US, European Union denounce "totalitarian" Laos

Fred Feldman ffeldman at
Sun Jul 6 09:08:35 MDT 2003

Were these embedded journalists helping the remnants of the
US-organized Hmong army to continue their fight against Laos and
Vietnam?  I have my doubts that any European journalists are currently
reporting regularly on this very low-intensity war, and I note that no
reference is made in these articles to the publications in which their
reports appeared.

Of course, it is quite likely that they had credentials from
cooperative press agencies.

Attacks on human rights in Laos are attacks on Vietnam.  The
denunciations of Laos by US and European Union diplomats indicates
that initial steps are being taken to limit or ultimately even end the
detente with Vietnam that has existed since the end of the
US-sponsored  war in Cambodia,.

Although Vietnam's withfdrawal from Cambodia has often been compared
to the Soviet rout in Afghanistan, the fact is that the political
forces and army that Vietnam sponsored and helped build up in
Cambodia, after the Vietnamese invasion removed the Pol Pot regime,
still rule the country and have defeated all opponents from the Khmer
Rouge to the monarch-in-informal-exile Sihanouk.  Although the regime
that developed in Cambodia was thoroughly bourgeois, Vietnam won that
This war was entirely defensive in nature, a response to a virtually
all-out war waged by the Pol Pot regime against Vietnam beginning in

This, among other issues including Vietnam's ties with Cuba,
opposition to the war on terrorism, and the limits on procapitalist
reforms resulting in part from popular opposition to some of these
reforms, seems to be involved in the beginnings of an increase of
imperialist pressure on Indochina.,  Thios pressure must be opposed
unconditionally. Fred Feldman

Laos Jails European Reporters, American for 15 Years Mon June 30, 2003
12:51 PM ET By Martin Petty

BANGKOK (Reuters) - A Laotian court handed 15-year prison sentences on
Monday to two European journalists and an American citizen who had
been reporting in a conflict zone where a security guard was murdered,
a Lao diplomat said. The ruling prompted widespread condemnation, with
Paris-based media support group Reporters Without Borders (RSF) saying
it was profoundly shocked by the sentences and called the trial a

Belgian Thierry Falise, Frenchman Vincent Reynaud and Naw Karl Mua, an
American pastor of Laotian origin, were handed the jail terms in a
court in remote northern Xieng Xhouang province. They were also fined
$1,000 and ordered to pay combined compensation of about $8,080 to the
family of the dead man, Laotian ambassador to neighboring Thailand,
Hiem Phommachanh, told Reuters.

The foreigners and three local Hmong men were convicted of obstructing
officers, possession of war weapons and explosives, possession of
drugs and being involved in an incident that caused the death of a
local militiaman, the ambassador said. The three Hmong men received
20-year jail terms. "All six defendants have the right to appeal
within 15 days," the ambassador said. "Whether to deport or pardon
them depends on if they appeal, and negotiations and diplomacy between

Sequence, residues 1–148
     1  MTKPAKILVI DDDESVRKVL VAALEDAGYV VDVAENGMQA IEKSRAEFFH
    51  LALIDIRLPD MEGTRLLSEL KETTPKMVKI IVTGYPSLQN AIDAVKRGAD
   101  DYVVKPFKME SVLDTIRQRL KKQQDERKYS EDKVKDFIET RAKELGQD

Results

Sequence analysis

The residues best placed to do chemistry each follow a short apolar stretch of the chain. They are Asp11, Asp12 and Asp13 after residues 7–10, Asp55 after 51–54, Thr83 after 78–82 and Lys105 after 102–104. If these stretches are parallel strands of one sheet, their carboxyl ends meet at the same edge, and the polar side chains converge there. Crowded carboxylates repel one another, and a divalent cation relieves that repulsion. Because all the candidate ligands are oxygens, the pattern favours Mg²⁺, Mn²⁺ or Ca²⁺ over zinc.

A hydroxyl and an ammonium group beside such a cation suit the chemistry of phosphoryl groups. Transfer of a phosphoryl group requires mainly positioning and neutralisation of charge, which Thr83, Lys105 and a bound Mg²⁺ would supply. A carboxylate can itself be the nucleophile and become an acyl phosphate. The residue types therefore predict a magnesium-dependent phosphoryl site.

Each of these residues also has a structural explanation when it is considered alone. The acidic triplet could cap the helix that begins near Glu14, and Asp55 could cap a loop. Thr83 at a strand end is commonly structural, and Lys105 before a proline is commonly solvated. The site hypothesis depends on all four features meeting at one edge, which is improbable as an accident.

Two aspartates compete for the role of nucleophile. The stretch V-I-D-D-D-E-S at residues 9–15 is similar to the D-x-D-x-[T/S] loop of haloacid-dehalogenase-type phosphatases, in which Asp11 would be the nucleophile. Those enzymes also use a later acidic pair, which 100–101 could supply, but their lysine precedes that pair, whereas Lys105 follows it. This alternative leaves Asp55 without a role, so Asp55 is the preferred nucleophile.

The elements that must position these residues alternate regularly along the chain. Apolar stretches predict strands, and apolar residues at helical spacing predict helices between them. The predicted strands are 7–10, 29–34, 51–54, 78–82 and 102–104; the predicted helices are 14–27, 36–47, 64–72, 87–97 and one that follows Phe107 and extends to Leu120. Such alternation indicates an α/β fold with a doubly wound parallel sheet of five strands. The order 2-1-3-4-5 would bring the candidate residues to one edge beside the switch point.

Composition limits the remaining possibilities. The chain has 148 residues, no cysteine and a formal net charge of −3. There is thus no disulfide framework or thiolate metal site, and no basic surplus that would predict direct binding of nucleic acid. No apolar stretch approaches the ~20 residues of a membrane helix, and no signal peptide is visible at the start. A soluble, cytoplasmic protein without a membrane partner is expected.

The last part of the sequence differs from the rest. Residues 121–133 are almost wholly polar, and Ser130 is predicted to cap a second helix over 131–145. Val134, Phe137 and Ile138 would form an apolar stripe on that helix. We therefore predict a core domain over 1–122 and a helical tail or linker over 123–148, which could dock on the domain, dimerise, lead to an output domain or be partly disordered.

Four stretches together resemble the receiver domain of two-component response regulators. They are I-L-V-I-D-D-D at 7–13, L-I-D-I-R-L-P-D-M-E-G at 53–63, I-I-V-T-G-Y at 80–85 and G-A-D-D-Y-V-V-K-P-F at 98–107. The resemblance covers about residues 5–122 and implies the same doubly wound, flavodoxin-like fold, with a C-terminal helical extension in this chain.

the Lao government and the three countries of the men," he said. It
was not immediately clear how the three pleaded in court. "Laos always
bares in mind good bilateral relations with other countries,"

Hiem added. Falise, a former Associated Press employee, is a Bangkok-
based freelance reporter who writes for the French weekly L'Express
and Belgian publications. Reynaud is a freelance cameraman and
photographer and Mua is a pastor in Minnesota. He was acting as an
interpreter. (SIC) The reporters had been working on an article on
rebels from the ethnic Hmong hilltribe. Vientiane denies the Hmong are
rebels, preferring to call them bandits.

Many Hmong sided with the United States to fight communist rebels who
eventually took control of the country in 1975.


A statement from the American embassy in Vientiane said the three men
were not given a fair trial. "The trial has fallen well short of
international standards of jurisprudence," the statement said. A
European Union spokesman said the Commission was in consultations with
EU member states "with a view to taking appropriate action if
necessary" on the matter.

"We have taken note of what appears to be a very hard sentence and we
are looking at the circumstances of the trial," European Commission
external relations spokesman Diego De Ojeda told Reuters. The EU is
Laos's second most important export destination after Vietnam. RSF
said it was astounded by the severity of the jail terms. "This farce
of a trial, where the fate of the two journalists was decided in
advance, is proof of the totalitarian nature of the Laotian regime,"
RSF Secretary-General Robert Menard said in a statement.

The three were arrested on June 4 when they emerged from a jungle area
off-limits to foreign journalists. Unconfirmed reports said a gunfight
took place, during which a security guard died. Hiem said that weather
permitting, a flight for the three would be arranged to bring them to
the capital Vientiane on Tuesday for ease of access by diplomats and
relatives. Laos, one of the few remaining Communist states left in the
world since the collapse of the Soviet Union in 1991, has been
sensitive about media coverage of the Hmong and denies the existence
of small rag-tag rebel armies holed up in the country's northern

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